Volleysaurs need to reset after loss of middles

By Jo Wynn

With a national title under their spandex, memories of trailer trash themes and “Journey” filled Den nights, three Dinos women’s volleysaur middles flee the coop to enter the unknown: life after the Dinos. Leaving the team lacking middles and size on the court, these three players will be remembered long after they’re gone.

First up is Reid Brodie, who fled the mountains and the University College of the Cariboo to grace the Dinos with her presence in 2002. Brodie was a consistent powerhouse on the court, playing three solid seasons with the team.

“Reid is the most successful transfer I’ve ever seen,” according to Head Coach Kevin Boyles. “To come from college and become one of the best in Canada and CIS is phenomenal.

With a gold medal from the 2003-2004 national championship and two CIS All-Star nods racked up, what is next for this multi-talented athlete–who speaks four languages fluently?

“If you could answer that for me, I’d love it,” Brodie laughed.

She has applied to grad schools for speech pathology, and in the meantime is trying out for the National A team in the summer. Despite the excitement ahead, Brodie knows she will miss the team.

“[They’re] the 13 best friends I’ve ever had. We have the reputation of having most fun in Canada and I think we prove it,” she claimed. “Going into a team without that will be a big change.”

Not only will it be a big change for the departing players, but for the rest of the team that returns in the fall as well. Boyles knows he’s taking a hit.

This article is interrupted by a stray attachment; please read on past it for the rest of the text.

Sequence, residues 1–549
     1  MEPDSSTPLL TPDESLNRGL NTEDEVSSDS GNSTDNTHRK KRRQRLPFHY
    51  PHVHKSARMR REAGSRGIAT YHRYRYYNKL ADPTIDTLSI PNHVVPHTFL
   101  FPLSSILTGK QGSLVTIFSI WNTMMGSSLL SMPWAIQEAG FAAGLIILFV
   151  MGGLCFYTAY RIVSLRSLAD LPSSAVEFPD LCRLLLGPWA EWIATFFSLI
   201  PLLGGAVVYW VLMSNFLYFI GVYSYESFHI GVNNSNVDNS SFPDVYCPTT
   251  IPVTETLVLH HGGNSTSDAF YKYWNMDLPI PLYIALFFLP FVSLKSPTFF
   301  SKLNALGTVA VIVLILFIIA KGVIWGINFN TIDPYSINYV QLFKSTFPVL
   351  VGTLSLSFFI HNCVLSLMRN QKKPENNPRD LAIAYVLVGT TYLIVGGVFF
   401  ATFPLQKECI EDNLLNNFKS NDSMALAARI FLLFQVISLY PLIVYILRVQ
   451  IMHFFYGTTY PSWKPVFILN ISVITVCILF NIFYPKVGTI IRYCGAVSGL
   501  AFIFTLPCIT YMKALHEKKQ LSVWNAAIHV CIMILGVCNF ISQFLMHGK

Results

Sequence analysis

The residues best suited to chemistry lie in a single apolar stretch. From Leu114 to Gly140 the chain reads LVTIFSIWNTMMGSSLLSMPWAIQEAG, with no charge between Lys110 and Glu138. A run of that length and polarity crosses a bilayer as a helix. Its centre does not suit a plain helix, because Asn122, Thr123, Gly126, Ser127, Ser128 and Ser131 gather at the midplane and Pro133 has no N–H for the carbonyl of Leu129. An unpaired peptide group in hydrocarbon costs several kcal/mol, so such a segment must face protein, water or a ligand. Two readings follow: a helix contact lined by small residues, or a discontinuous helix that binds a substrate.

“All three are excellent personalities and I loved having them on the team,” he admitted. “We’ll miss what they brought to the court: strength, size, and physical play.”

Also a stowaway from the Cariboo is Robyn Horner, who began with the Dinos in 2003 after three years at UCC. Robo, as her team affectionately calls her, is being torn from the team due to eligibility, but will be continuing school next year to finish her degree in communications.

Horner had been a force to reckon with this season, coming in with big blocks and solid serves. Despite the disappointing loss in the semis at this year’s nationals, Horner still has many good memories, including some highlights she’ll never forget.

“Saturday morning practices, but mostly the relationships you build with everyone,” she recalled as some of her favourite memories.

What’s up next for Robo?

“I have a year left, so school, working… who knows?” commented Horner, who knows one thing for sure. “I want to play beer league. It’s time for some non-competitive volleyball.”

While the beer league sounds appealing, Boyles hopes that Horner will continue building on the second half of this season when she was approaching the level she’s capable of. He dubs her “one of the best middles in the country.”

Another departure from the team due to eligibility is Sarah “Pipes” Onofrychuk, who puts bodybuilders to shame with her impressive one armed pushups. Pipes started with the Dinos back in the day, and after a year off in 2001-2002, Pipes came back to the court with a vengeance.

“She came back much better, and she knew she wanted to play,” remarked Boyles on Pipes’ breakout play since 2002.

The Arts and Sociology major is looking ahead to playing baseball more competitively, as well as applying to the Calgary Police Service in the future.

Where can you find her?

“I’ll be at every home game next year with a beer in my hand. I’ll be at Nationals for sure,” Pipes foretold.

With three key players gone, there’s no telling what next year will bring. But with national championships coming to the Jack Simpson Gymnasium, the girls have a secure spot and will surely put on a spectacle worth spectating.


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